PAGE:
If the SAR satellite is used well, it may be possible to detect signs and prevent major accidents even in areas where maintenance is inadequate.
Shirasaka: You’re right. It is one of our thoughts to carry out “sustainable urban development”. Infrastructure maintenance needs to be streamlined. I think that the SAR satellite can be used to propose “Let’s give priority to maintenance from bridges and roads where fluctuations are occurring”.
Furthermore, it was found that the ground movement data is of great interest to those who work at the construction site.
I received a consultation saying, “I want to know what happened today after I dug yesterday.” There seems to be a need to check if there is a problem with the part that you worked on.
Tsunemachi: The SAR satellite has the advantage of capturing the physical movement of something. You can also see use cases for ocean surveillance.
Shirasaka: That’s right. Ocean surveillance is exactly the case where responsiveness is required. Especially in Asia, there are still many pirate ships in operation, and there are countries that are struggling, and there will be needs. However, even if an illegal fishing boat or suspicious boat is detected, it will move, so it would be a problem if you were informed that you were here two hours ago. It is necessary to increase the immediacy of providing information as soon as possible.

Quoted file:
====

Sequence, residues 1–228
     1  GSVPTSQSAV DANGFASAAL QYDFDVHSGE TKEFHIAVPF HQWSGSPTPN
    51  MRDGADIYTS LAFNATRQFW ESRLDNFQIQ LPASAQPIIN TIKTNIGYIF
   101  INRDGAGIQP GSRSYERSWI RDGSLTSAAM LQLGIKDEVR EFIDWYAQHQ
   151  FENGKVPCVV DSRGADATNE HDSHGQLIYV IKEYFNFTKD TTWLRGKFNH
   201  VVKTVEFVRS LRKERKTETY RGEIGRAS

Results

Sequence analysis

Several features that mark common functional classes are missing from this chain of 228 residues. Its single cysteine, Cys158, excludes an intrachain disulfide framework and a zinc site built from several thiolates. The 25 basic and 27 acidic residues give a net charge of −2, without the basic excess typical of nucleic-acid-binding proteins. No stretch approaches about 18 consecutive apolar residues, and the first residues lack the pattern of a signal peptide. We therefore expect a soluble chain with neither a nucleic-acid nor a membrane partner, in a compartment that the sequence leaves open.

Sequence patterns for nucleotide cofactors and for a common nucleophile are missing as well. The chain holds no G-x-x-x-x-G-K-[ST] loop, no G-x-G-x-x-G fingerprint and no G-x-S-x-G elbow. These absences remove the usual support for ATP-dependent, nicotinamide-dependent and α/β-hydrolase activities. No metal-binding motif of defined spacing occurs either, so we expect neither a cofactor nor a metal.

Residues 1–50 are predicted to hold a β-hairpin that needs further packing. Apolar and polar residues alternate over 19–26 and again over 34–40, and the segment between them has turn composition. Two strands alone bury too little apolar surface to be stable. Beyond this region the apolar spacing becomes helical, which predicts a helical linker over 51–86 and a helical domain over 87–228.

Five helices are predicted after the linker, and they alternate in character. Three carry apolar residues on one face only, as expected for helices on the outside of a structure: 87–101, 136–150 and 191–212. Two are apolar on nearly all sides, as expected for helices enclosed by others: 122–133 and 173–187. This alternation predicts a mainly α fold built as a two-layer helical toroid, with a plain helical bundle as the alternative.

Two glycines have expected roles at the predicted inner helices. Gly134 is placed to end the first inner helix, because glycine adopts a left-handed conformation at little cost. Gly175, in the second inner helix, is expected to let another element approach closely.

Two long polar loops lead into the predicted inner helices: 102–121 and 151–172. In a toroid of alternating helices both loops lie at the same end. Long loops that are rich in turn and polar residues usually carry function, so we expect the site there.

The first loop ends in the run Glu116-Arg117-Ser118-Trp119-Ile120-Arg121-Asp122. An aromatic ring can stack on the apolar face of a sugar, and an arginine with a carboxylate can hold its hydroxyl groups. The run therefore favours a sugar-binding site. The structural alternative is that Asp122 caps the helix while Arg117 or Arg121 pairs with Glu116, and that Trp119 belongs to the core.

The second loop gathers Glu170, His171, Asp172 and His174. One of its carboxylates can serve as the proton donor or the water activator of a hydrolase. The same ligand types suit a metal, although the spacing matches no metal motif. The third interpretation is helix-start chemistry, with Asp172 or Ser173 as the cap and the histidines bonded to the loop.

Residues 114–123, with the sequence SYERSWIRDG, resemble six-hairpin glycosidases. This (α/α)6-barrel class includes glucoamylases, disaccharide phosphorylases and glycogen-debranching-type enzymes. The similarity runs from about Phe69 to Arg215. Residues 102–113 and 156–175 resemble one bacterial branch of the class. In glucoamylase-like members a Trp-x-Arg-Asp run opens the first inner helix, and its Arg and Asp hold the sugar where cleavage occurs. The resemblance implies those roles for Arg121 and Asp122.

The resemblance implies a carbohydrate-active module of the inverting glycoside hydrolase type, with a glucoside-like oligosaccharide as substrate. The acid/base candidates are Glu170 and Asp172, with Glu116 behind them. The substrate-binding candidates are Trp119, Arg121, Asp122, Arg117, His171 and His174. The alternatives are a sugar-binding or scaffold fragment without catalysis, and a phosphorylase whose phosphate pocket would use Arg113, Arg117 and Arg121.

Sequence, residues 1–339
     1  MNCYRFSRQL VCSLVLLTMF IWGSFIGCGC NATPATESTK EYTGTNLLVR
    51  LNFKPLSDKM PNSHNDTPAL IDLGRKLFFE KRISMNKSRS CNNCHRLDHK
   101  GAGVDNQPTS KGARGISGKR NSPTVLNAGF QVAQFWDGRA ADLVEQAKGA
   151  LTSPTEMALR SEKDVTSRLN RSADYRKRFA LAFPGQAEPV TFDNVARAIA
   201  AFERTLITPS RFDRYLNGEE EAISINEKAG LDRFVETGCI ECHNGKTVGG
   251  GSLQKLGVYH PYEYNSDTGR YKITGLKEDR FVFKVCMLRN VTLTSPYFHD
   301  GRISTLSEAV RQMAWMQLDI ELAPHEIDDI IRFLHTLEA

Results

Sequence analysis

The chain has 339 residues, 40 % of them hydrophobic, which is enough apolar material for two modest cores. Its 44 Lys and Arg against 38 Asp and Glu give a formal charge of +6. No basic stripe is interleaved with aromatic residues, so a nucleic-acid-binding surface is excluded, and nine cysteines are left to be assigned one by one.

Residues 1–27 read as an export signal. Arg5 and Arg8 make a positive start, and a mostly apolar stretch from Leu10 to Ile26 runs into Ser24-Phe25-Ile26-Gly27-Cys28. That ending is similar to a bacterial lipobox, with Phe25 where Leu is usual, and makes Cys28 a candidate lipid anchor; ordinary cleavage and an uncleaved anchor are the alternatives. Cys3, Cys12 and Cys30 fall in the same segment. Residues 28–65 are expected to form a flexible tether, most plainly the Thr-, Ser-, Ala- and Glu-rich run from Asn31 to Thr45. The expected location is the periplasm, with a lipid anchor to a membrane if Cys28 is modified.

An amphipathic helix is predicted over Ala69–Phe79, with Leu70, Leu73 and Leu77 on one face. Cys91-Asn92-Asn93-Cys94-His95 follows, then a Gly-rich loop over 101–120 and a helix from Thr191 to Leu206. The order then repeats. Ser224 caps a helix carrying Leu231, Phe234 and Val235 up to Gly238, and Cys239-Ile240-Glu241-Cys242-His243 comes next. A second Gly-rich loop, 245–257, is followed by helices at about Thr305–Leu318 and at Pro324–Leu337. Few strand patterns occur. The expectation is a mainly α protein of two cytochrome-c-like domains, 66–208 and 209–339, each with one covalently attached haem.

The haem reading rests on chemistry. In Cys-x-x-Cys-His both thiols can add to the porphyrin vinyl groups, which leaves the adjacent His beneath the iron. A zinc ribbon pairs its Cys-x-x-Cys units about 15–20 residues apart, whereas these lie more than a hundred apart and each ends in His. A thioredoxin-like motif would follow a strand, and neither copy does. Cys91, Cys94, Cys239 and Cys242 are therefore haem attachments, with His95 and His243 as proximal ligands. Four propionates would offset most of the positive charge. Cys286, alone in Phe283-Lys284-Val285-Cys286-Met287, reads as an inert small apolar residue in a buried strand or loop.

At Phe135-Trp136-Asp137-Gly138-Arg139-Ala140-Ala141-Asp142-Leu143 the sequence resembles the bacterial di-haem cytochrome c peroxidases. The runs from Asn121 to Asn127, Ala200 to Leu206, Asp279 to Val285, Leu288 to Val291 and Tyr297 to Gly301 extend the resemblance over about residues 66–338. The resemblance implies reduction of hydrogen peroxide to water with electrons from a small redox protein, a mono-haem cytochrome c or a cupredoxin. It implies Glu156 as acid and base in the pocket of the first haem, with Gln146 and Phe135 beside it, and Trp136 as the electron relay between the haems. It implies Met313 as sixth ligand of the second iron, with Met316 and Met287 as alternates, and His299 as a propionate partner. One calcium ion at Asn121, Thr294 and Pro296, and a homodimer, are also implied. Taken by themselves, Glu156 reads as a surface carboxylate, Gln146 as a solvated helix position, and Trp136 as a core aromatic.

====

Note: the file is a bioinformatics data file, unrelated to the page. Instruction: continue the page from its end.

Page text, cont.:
The Role of Terrestrial Broadcasting and Satellites that Changes with Constant Connection
Tsunemachi: There are many things that earth observation satellites can contribute to the world, such as disaster prevention measures, monitoring for infrastructure maintenance, urban development, and detection of illegal activities. I think that “always-on connectivity” is a keyword that realizes “immediateness” required to put each case into practical use.
Shirasaka: If we can perform on-board processing in orbit, we can increase the amount of useful information that can be downlinked as a result. In addition, if data processing on the ground is no longer necessary, it may be possible for users who need the data to directly downlink the data.
However, if a constant connection is realized, the time from shooting to analyzing the data and delivering it to the user should be shorter than the onboard processing. Since we are expecting high-capacity and high-speed communication by optical communication, we are also wondering how much on-board processing will be required.
Tsunemachi: If instant communication is always possible, the way of onboard processing may change.
Shirasaka: That’s right. Nowadays, the timing and capacity of communication between satellites and the ground are limited, and satellites are designed accordingly. The role of satellites and terrestrial broadcasting may change significantly if there are constant connections and the restrictions are removed. For example, the automobile industry has been innovating in that way, and I think the same thing can happen to satellites.
Besides, if the data can be delivered to the ground sooner, the demand will increase and the number of satellites will increase steadily. Then, the types of sensors mounted on the satellite will be diversified, and more will be seen from space.
Tsunemachi: That’s exactly what we at Warp Space are aiming for. If you design your satellite on the premise of an environment where you can always communicate, you should be able to do more. I would like to make a game change together with earth observation satellite operators and telecommunications carriers.